Wednesday, July 30, 2014

Does 'privileged' communication in custody really exist?

By Professor Laurie Levenson, David W. Burcham Chair in Ethical Advocacy

This op-ed originally appeared in the July 29, 2014 edition of the Daily Journal.


Recent reports suggest that federal prosecutors are increasingly intercepting emails between incarcerated defendants and their counsel for alleged security reasons. In the process, they are discovering incriminating evidence that they seek to offer against the defendants at trial. If true, this practice raises significant issues for the courts.

Communications between a defendant and his lawyer are supposed to be confidential. Yet, government officials are also allowed to monitor phone call and email communications. Courts must now decide when monitoring crosses the line and becomes improper interference with a defendant’s Sixth Amendment right to counsel.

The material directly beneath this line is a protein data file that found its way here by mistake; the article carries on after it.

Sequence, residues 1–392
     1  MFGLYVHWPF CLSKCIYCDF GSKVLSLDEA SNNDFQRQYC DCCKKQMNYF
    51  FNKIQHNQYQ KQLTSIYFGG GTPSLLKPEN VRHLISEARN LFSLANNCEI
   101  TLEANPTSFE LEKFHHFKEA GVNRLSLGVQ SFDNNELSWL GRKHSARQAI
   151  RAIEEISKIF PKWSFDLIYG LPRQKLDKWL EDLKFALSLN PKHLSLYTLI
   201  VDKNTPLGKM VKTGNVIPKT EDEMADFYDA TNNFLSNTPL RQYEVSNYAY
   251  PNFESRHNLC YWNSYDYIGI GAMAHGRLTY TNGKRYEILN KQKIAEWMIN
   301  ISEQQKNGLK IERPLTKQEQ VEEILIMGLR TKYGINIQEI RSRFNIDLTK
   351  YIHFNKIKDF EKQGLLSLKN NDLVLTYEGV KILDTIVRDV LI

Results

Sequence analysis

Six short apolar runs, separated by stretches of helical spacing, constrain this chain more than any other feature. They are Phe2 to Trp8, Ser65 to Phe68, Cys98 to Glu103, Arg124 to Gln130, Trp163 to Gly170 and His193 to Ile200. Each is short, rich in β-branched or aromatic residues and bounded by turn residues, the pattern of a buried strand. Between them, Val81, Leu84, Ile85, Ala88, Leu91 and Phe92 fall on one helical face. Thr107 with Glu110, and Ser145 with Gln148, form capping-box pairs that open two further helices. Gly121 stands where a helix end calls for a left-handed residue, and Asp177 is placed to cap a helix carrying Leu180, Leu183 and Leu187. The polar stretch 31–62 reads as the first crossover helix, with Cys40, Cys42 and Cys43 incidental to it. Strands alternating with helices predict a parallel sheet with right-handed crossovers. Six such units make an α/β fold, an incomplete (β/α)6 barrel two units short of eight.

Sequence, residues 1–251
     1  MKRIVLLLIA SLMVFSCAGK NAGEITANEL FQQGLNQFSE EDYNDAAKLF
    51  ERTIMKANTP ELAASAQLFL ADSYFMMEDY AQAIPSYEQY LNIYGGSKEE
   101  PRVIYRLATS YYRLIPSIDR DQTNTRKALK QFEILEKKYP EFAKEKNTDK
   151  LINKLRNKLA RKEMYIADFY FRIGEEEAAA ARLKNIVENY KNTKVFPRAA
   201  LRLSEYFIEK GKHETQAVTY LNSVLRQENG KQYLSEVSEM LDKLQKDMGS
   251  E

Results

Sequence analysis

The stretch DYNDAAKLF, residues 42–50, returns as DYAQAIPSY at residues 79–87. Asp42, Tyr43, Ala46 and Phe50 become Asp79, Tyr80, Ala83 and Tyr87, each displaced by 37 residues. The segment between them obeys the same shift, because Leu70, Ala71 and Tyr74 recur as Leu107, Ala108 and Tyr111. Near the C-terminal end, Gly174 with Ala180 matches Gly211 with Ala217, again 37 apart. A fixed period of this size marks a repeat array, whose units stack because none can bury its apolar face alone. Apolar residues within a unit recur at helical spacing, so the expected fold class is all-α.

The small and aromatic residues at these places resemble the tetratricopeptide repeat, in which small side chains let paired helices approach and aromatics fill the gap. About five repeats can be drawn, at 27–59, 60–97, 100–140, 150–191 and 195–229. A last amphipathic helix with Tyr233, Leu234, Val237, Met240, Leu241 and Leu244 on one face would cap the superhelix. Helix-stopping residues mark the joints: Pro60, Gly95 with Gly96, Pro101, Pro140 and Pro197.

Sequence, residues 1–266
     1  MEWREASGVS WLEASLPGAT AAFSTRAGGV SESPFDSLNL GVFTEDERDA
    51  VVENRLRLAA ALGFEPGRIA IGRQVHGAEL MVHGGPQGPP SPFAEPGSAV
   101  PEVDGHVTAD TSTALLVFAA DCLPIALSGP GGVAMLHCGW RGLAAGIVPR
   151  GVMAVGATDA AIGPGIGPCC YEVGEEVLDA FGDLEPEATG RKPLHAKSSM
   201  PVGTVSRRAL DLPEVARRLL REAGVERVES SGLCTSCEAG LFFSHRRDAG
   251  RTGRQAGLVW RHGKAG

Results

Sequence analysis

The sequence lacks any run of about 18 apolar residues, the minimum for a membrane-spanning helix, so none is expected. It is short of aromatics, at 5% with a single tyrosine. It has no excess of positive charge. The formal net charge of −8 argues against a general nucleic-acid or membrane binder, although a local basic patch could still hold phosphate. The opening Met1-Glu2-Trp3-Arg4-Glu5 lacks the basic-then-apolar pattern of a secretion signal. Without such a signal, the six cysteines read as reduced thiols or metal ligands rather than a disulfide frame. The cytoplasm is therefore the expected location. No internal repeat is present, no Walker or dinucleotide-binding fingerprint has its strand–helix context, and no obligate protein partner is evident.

The basic rule of custody is that inmates have no privacy rights - not when they are on the phone, not when they send emails, and not when they talk to other inmates. While attorneys are supposed to get confidential time with their clients, in-person meetings are difficult. And, under certain circumstances, even these may be monitored.

The net result is that it is increasingly more difficult for defense counsel to prepare for trial when the client is incarcerated. A single visit to jail to meet with a client may consume the attorney’s entire day. Even when arrangements can be made, there is precious little time for the attorney to solicit information from the client. Defense lawyers are left with the job of preparing a client’s case without much client input and clients are left feeling stuck on the sidelines as their case moves forward. Not only does this affect defense counsel's ability to represent a client, it also diminishes clients' trust in their counsel.

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